It’s an interesting statement. It is true that many people have a much broader access to science than they did even 10 years ago with social media playing a big role. However, I think that it can also lead to more misconceptions or misunderstandings regarding the science. Take for example the statement, “This is the hottest year on record.” I can understand that; it means that this year was hotter than previous years. But understanding that one statement does not necessarily mean that I understand what record they are referring to, the time scale of that record, or the entire climate system and what having another hottest year on record means for the future climate of our planet. The climate is a complex system and one that scientists devote their life’s work to understanding. So yes, audiences come in with a base of knowledge, that has always been the case, and that base varies from person to person, but that does not mean that the base is necessarily up to speed with the latest science, or that they have the same understanding as someone who has devoted their life to studying that topic. What we teach is to never assume a person’s prior knowledge, but rather to use prompting questions to help guide your understanding of a person’s base knowledge on any topic and if misconceptions pop up, how to address them respectfully. The goal is for both parties to have fun, engage with a hands-on activity t and learn something new.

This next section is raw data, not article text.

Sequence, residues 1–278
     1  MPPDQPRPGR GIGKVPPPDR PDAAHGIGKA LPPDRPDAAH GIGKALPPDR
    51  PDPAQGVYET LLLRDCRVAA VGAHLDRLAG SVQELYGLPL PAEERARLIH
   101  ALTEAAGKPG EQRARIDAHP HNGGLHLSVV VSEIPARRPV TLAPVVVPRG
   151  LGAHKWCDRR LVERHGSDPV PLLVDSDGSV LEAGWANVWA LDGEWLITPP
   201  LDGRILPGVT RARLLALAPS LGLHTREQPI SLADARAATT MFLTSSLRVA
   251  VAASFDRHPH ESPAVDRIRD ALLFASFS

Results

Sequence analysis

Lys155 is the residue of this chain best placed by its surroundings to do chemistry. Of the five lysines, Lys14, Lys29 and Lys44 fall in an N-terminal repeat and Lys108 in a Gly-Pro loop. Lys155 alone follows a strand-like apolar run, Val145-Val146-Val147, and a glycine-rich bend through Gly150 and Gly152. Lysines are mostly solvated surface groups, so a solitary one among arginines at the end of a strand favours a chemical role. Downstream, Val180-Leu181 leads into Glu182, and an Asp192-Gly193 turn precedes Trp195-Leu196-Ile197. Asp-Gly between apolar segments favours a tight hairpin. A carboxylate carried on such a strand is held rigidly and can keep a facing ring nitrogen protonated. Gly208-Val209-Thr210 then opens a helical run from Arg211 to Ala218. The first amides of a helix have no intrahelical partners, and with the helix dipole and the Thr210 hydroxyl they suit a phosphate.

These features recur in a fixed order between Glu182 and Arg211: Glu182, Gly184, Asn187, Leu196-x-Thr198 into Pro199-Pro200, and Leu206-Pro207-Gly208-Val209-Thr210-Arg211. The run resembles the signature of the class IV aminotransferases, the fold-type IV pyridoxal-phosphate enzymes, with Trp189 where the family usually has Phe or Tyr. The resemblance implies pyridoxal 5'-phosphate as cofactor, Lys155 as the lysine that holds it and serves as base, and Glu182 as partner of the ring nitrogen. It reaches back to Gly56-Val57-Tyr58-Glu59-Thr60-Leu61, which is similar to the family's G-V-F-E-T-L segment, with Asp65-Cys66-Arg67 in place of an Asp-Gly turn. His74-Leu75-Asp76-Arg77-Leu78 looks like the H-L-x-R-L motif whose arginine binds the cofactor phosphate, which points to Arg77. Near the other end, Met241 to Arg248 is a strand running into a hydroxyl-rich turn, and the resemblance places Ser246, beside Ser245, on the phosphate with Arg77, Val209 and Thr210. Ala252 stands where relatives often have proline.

Who are some of your favorite science communicators?

I think I share some favorites with a lot of others, such as Dr. Neil deGrasse Tyson, Alan Alda, and Cara Santa Maria. But I also really enjoy some science communicators from my world of meteorology, such as Dr. Jeff Masters and Dr. Marshall Shepherd. Someone who I think has really changed the game on social media is Dr. David Shiffman (@whysharksmatter). And then my favorite TED talk to date is from Amy Cuddy.